In his post on Friday, my new co-blogger Ori Herstein takes issue with Jeremy Waldron's reading of the language in various human rights documents prohibiting "cruel, inhuman or degrading" treatment. The colloquy in the comments---between readers, including Waldron himself, and Herstein---is well worth reading. The question that divides Herstein, Waldron, Marty Lederman, and others is whether an authoritative text forbidding "A or B" forbids conduct that is just A and also forbids conduct that is just B (Waldron and others) or whether it only forbids conduct that is "A and B" (Herstein).
At first blush, Waldron seems obviously right about this as a matter of simple logic. Forbidding "A or B" means forbidding that which is A or that which is B. If someone says "I'd like strawberry sorbet. I don't want coconut sorbet or lemon sorbet," it would be inaccurate to say you could abide her wishes by providing her a dish of coconut sorbet so long as it contained no lemon sorbet also. Likewise, if the same sorbet aficionado says she "detests coconut and lemon sorbet," we would ordinarily think that she detests coconut sorbet and she detests lemon sorbet, although it's conceivable that this usage means only to impart that she detests coconut and lemon sorbet in combination.
As Lederman's comment notes, how we parse the various texts relating to "degrading" and like treatment of persons matters most for questions about detainees---and Waldron's lecture indeed focused on such issues. But the question of how to read language of this sort arises in other contexts as well. For instance, does a punishment survive scrutiny under the Eighth Amendment if it is undoubtedly "cruel" but sufficiently widespread that it is not "unusual?" Most prominently, tomorrow the Supreme Court will hear oral argument in District of Columbia v. Heller, in which the question is how to read the "right to keep and bear arms" in the Second Amendment.
Following the "Waldron logic" from above, we would say that this language protects a right to "keep arms" that is separate from the right to "bear arms." Such a reading would surely favor respondent, because it would neutralize the argument of the petitioner that circa 1791 the term "bear arms" was overwhelmingly a reference to military service rather than a generic way to say something like "use weapons for whatever purpose." To be sure, the respondent ALSO argues that the term "bear arms" was sometimes used to mean just that, pointing, among other places, to state constitutions, but these were nonetheless unusual uses of the term. The District points out in its brief that EVERY reference to the term "bear arms" in the Congressional debates over what became the Second Amendment was a reference to military service.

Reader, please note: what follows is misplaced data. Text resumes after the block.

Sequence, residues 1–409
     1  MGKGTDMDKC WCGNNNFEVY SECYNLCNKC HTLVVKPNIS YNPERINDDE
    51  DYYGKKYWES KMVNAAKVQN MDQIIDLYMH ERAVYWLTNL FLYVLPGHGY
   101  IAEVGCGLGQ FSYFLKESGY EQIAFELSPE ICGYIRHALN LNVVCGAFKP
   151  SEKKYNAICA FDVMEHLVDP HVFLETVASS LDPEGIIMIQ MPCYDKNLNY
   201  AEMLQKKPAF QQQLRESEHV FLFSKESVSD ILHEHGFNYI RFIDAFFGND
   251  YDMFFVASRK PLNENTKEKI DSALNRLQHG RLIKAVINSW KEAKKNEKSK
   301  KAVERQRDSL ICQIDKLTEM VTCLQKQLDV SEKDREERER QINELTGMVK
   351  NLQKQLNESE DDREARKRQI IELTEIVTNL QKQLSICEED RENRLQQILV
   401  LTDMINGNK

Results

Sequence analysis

But so what? There is also a separate right to "keep" arms, the respondent argues, and keep has its natural meaning, which is to possess.
Here is where, in my view, the Herstein approach makes considerable sense. As Herstein explains in one of his comments, his is an "interpretive" approach. I take this to mean---and in any event I think it is correct to say---that we give meaning to the various terms in the canonical formulation of the right at issue by reference to its neighbors. Suppose the Constitution contained a freestanding provision stating "The right of the people to keep arms shall not be infringed" and another freestanding provision---perhaps one enacted at a different time---stating "A well regulated militia, being necessary to the security of a free State, the right of the people to bear arms shall not be infringed." In that case, we might well think that the most natural reading of the right to keep arms is a right to personal possession and use of firearms. But married as it is to the "bear arms" provision, with its introductory text, we should be tempted to read "keep" as connected to militia service as well.
In the end, then, the Herstein reading is not at all illogical. He agrees with Waldron that a prohibition on "cruel, inhuman or degrading treatment" means something different from a prohibition on just cruel treatment, or just inhuman treatment or just degrading treatment. What he is saying---and I agree---is that the different thing that the concatenation of these three prohibitions means is not necessarily a prohibition on the totality of what each of the terms would prohibit separately. Herstein's point boils down to the notion that the meaning we give to the words of an authoritative text depends on the context of those words. Even self-described textualists happily accept this notion.
Posted by Mike Dorf